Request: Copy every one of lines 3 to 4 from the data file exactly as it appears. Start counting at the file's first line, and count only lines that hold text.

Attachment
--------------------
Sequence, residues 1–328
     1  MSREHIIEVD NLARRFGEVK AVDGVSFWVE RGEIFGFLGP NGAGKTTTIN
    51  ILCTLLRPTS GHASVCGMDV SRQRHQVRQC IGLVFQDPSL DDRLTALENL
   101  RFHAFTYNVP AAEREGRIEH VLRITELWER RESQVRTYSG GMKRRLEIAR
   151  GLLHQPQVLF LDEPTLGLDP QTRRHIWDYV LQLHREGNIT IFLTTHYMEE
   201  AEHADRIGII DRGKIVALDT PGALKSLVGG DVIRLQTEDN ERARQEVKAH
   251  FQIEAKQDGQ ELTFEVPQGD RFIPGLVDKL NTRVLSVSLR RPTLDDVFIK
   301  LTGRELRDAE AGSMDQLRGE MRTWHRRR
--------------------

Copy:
    51  ILCTLLRPTS GHASVCGMDV SRQRHQVRQC IGLVFQDPSL DDRLTALENL
   101  RFHAFTYNVP AAEREGRIEH VLRITELWER RESQVRTYSG GMKRRLEIAR